Thorn, according to some scholars, may not be the best translation of the Greek word (skolops) the apostle Paul used to denote his "thorn in the flesh." The term denoted anything "pointed" and could mean a "stake," a "splinter," or, as usually translated in 2 Cor. 12:7, a "thorn." Whatever it was it was pesky and a frustrating bother to the apostle.

Paul was so troubled by it that he went to the Lord three times in prayer to request its removal. And three times the Lord said, "No!" Paul, at first, faced this problem like most men would: "Lord, take it away." That, of course, is understandable. We all move quickly with a pin knife, pair of tweezers, or whatever and work till we get those annoying splinters out of our fingers.

Spiritual "thorns," however, are not so easily removed. Unfair bosses, incompetent or uncooperative fellow-workers, incorrigible children, nagging wives or boorish husbands, un- relenting pain, unloving and harsh brethren, mocking infidels, job frustrations, poverty and poor job opportunities, inconsiderate neighbors -- on and on the list goes.

It's to anyone's credit that they take matters of these kinds in prayer to God. After all He is infinite in wisdom and power and love. He knows how and is able to handle these things better than we. And when we do pray, we, no doubt, as Paul did, call on the Lord to remove these pesky irritants. And that's fine. That's where Jesus started when He faced the "cup" of death: "if it be possible, let this cup pass away from Me" (Matt. 26:39). He also prayed three times.

What, then, do we do when the thorns in our flesh just won't budge? When Paul's remained and he had to deal with it, he became stronger. "When I am weak," he said, "then am I strong" (2 Cor. 12:10). This demonstrated what God had told him: "My grace is sufficient for thee: for My power is made perfect in weakness" (2 Cor. 12:9). The key is that the apostle handled it with God's help and by greater dedication and faithfulness to the Lord and His kingdom. Otherwise, it would have destroyed him.

Thorns are more than pesky when saints are overcome by them. They become deadly. The worldly infection of bitterness, pessimism, indifference, whining, murmuring, self-pity,
depression, and a host of other problems set in. Brethren lose their focus, prayer to God ceases, the Lord is ignored, assemblies are forsaken, brethren are abandoned, the devil
wins, and a soul is lost.

So, brethren, what are you doing about those troubles of life that beset you? Much depends on what your goal or focus in life is. Are your eyes trained on going to heaven or are you set on finding comfort and ease in this life? Both Jesus and Paul pressed on in life to do the Will of God. That's why you don't hear them whining and complaining over their discomforts.

The key to living with thorns in the flesh is to live above the world. That's what Paul did as reflected in his letter to the Philippians. Imprisoned in Rome, he set his mind on defending the gospel; harassed by brethren trying to raise up affliction against him, he thanked God the gospel was being preached; beset by bickering brethren in Philippi, he called on them to think of others above themselves; reminded of his earthly pedigree in Abraham by evil workers, he tossed it aside like so much garbage and pressed on toward the high calling of Christ; recalling both good and bad times, he cast his anxieties on the Lord and learned to be content in any circumstances. "Rejoice in the Lord always: again I will say, rejoice" was his upbeat message to these brethren (Phil. 4:4).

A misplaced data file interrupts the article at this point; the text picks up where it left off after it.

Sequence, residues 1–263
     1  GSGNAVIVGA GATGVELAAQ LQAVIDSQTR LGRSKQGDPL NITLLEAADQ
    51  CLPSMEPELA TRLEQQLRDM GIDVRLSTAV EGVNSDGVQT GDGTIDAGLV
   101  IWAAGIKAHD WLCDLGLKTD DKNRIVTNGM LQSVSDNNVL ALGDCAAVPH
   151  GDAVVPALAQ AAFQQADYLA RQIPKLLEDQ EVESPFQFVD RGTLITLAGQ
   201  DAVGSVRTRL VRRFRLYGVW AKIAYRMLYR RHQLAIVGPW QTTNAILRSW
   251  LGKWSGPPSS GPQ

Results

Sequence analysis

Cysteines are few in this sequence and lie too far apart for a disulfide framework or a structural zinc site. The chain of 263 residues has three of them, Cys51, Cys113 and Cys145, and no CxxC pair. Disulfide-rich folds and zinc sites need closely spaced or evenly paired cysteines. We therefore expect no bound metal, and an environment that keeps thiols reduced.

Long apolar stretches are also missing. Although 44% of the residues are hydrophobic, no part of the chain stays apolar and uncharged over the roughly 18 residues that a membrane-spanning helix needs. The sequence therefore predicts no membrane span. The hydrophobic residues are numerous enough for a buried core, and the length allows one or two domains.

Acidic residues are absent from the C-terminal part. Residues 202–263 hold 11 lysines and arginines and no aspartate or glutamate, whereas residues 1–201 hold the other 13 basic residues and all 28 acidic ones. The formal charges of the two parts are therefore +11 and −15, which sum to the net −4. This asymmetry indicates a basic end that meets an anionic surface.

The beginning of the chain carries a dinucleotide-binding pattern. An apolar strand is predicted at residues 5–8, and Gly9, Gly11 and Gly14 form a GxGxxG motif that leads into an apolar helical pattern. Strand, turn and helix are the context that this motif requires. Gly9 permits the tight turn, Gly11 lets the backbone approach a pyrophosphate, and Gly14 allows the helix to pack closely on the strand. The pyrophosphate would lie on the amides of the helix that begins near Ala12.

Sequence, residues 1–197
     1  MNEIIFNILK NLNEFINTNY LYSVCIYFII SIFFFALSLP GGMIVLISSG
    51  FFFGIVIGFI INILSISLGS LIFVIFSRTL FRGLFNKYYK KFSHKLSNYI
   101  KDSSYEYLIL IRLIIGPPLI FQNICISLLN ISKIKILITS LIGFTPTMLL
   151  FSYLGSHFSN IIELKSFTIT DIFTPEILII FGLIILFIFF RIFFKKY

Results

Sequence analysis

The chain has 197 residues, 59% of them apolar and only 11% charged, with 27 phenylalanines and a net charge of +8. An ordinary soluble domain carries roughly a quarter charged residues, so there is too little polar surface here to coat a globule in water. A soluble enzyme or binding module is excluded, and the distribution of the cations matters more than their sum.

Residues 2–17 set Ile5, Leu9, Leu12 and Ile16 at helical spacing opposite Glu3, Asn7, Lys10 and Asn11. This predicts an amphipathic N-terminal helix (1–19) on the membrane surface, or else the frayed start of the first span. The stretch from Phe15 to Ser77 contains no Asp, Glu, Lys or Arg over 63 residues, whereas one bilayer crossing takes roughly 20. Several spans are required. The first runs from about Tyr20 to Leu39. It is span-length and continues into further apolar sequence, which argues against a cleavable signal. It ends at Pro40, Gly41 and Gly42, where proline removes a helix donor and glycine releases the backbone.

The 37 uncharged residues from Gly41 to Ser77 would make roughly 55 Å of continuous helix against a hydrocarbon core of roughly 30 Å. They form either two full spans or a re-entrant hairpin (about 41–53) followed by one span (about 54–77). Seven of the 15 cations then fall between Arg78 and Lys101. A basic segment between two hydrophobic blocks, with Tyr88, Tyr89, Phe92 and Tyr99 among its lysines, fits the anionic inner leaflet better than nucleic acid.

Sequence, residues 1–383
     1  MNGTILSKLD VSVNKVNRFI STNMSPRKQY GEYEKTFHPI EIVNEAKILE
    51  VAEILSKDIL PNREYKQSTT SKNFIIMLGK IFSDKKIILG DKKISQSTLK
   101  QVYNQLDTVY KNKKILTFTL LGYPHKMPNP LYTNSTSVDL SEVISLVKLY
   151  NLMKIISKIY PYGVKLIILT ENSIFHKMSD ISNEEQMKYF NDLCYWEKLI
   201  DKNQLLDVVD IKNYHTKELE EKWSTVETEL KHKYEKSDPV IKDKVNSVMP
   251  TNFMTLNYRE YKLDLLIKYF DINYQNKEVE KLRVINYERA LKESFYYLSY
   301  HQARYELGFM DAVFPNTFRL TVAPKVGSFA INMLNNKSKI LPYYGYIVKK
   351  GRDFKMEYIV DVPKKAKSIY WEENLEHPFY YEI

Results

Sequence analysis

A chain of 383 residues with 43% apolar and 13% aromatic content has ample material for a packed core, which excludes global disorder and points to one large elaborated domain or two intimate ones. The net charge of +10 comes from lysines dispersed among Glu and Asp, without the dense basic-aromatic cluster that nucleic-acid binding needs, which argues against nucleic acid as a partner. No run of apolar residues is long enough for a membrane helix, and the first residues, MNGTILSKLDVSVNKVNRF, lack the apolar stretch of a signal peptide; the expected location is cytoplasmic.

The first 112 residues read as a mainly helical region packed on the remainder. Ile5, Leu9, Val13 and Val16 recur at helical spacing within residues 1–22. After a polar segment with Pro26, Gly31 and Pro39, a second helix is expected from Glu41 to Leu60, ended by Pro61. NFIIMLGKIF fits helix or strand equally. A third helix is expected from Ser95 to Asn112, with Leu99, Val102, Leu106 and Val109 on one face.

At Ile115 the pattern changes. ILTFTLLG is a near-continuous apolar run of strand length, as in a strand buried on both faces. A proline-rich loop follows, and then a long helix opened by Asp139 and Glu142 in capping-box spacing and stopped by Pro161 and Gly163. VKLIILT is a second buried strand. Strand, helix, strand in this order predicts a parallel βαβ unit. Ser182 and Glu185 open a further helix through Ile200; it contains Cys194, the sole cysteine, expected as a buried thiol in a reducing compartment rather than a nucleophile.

Got a few thorns or splinters, brethren? Get on your knees and talk to God about it. Get up off your knees and sit for a spell to read some pertinent words revealed from the mind of God in Scripture. Get up out of your chair and visit a brother or sister who knows what it means to really hurt. Get yourself to Bible study and to the assembly and lift your thoughts reverentially to God in worship. Get your mind daily on things above, on the kingdom of God's righteousness, and on the hope set before you.

Every time those pesky thorns or splinters remind you they are still there, send a quick, short prayer to God--for wisdom, strength, courage, boldness, comfort, contentment, increased faith, greater love, mercy, and grace. Do this thirty times a day if you must. Just don't let up. "Pray without ceasing" (1 Thes. 5:17). You ought always to pray and not to faint (Lk. 18:1). When all of Paul's fellow workers forsook him at his trial in Rome, the Lord stood by him and strengthened him (2 Tim. 4:16,17). As your Intercessor and Advocate (Heb. 7:25; 1 Jno. 2:1,2), He will do the same for you -- if you seek Him!

By L.A. Stauffer in Biblical Insights, Vol. 6, No. 5, May 2006.

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